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Ok, so I understand why salting a password prior to hashing is such a good idea. The question is, normally people suggest appending or prepending the salt to the password, why not do both?

My thinking is, so if Mr hacker got hold of the DB and wants to get the password for person x, he thinks to himself, well most people suggest appending or prepending the salt, so lets do that.. He generates a rainbow table with of all the combinations of password + salt, and tries his luck. If that doesn't work he does the same but salt + password.

To make much it more difficult to do the attack why don't developers go the step further and do 'salt + password + salt', or 'reverse(salt) + password + salt', or you could be fancy and start cutting up the password/salt, start putting bits of salt here and there etc.

The only way the hacker would be able to find the password is if he has access to the source code (to know how the salt was weaved into the password prior to hashing)

A further note is, people suggest doing a minimum of 1000 iterations when key-stretching, again why not 1147, 1652, etc :)

A 2nd further note, when looking at a hash string, is it possible to work out the hashing function used?

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There is no problem in guessing the hashing function used. It can be public. Please, what's the exact question ? Is it about why it's useless to lose time adding the salt at both ends ? – Denys Séguret Jun 27 '12 at 18:03
Yes but when looking at a long hash string, can the hacker go 'oh they used MD5' or 'oh they used sha-512' etc.. if they can't they would have to make rainbow tables for all the 'proper' hashes; or they would have to look at the source code. – Metalstorm Jun 27 '12 at 18:26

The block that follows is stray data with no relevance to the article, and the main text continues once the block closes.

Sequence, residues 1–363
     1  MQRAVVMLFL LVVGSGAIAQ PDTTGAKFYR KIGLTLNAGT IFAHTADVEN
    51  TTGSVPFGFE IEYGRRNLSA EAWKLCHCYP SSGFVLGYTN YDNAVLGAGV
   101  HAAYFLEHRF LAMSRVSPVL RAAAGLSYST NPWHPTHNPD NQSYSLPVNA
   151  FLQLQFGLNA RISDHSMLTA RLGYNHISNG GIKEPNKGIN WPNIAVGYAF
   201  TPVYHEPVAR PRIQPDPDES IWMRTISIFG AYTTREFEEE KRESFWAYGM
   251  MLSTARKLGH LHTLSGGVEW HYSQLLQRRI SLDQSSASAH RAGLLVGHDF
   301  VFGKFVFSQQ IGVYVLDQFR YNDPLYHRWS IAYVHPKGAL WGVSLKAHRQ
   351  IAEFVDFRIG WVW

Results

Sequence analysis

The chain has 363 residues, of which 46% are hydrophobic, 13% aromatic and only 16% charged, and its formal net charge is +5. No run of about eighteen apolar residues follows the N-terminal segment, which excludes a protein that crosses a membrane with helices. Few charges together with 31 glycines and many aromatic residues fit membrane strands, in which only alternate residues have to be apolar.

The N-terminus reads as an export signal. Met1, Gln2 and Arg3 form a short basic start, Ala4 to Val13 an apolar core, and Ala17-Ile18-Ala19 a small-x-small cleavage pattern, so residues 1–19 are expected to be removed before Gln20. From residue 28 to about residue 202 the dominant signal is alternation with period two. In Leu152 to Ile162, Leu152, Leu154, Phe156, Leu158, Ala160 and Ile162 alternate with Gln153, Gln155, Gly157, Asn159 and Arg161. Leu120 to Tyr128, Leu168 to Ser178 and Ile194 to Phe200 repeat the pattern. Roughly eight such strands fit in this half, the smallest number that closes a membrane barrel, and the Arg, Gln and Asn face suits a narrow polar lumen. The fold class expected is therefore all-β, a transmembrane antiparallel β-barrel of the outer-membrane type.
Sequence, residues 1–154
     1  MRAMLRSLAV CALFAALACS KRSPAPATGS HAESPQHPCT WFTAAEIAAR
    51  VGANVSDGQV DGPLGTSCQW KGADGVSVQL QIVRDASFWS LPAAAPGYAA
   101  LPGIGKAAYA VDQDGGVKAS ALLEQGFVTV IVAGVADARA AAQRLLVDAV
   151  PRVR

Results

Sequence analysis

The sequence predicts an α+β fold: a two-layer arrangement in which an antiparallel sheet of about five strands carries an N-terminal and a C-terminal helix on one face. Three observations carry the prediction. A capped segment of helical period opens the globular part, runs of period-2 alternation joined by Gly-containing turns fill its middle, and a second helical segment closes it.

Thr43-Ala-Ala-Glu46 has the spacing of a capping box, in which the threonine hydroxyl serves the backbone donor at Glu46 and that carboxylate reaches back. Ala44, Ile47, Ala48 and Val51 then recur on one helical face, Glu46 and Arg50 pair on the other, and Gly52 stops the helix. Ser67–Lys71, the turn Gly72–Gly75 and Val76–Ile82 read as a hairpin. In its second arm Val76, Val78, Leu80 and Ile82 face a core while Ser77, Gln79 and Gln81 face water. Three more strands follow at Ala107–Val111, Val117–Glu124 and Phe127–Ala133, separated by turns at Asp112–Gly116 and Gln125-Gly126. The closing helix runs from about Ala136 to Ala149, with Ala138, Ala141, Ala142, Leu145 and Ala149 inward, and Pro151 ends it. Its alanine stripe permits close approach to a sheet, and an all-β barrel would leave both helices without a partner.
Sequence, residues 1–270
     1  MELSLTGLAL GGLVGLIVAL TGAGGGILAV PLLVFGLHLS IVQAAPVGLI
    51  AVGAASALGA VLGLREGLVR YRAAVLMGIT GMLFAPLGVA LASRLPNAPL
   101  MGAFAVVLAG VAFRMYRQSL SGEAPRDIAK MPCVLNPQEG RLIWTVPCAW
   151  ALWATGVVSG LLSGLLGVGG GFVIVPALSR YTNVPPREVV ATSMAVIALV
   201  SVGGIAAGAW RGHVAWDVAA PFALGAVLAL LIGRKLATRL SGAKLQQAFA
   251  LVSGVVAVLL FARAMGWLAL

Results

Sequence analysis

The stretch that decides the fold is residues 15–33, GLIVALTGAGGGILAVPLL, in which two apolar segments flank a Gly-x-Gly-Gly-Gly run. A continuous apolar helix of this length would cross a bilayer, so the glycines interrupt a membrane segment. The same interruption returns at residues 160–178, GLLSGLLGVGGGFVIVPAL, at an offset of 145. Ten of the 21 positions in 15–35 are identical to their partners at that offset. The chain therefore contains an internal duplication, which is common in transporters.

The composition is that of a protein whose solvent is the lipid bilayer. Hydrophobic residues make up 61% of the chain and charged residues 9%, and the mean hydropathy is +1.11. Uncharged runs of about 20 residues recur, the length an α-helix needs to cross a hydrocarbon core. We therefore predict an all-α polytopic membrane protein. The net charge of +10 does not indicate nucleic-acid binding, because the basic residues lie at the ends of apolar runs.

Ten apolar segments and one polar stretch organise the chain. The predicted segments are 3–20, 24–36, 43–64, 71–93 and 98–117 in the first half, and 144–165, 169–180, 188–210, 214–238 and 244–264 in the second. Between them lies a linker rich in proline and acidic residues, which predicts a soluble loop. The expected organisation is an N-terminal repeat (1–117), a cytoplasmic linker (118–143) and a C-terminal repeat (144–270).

Yes, it's easy to distinguish hashes produced by MD5, SHA1, SHA512, etc. For example their length are different. But that's not at all a problem. You don't seem to grasp the difference there is between trying 3 algorithms instead of one and trying 2^128 more combinations (the usual numbers we deal with in cryptography). – Denys Séguret Jun 27 '12 at 18:28
@Metalstorm Obviously they are because you seem to think there's any value whatsoever in security-by-obscurity, as opposed to security-by-hard-maths. The way you make something cryptographically secure is by having the attacker brute-force through a bigger search space. For this, you might as well make the salt bigger to get the same effect. (Or use a bigger hash function, or a less broken hash, or a random salt to get more bang for your buck.) – millimoose Jun 27 '12 at 21:02
@Metalstorm Also, if you can leak your password database, it's not unthinkable you can leak your source code repository. You don't want to make recovering the passwords "mildly tricky", you want to make it computationally infeasible. – millimoose Jun 27 '12 at 21:03

It's much easier to guess the manner in which the salt is applied than it is to brute for the passwords, especially in the cases in which the attacker has a database of hashed passwords and one known match (his own password). Even if he has no knowledge of it, he can simply use his known password and the known hash to brute force the salt and salting algorithm.

The same goes with the hashing algorithm. There are only a few unbroken hash functions, and the chances are that any competent administrator would be using one of those.

One of the premises of cryptography is that ALL of the information about the algorithms used is assumed to be public. You should not rely on attackers to be unable to break your system because you are using an obscure algorithm to hash things, because compared to the expense of brute forcing passwords on a compromised database like that, brute forcing every hash algorithm is very inexpensive.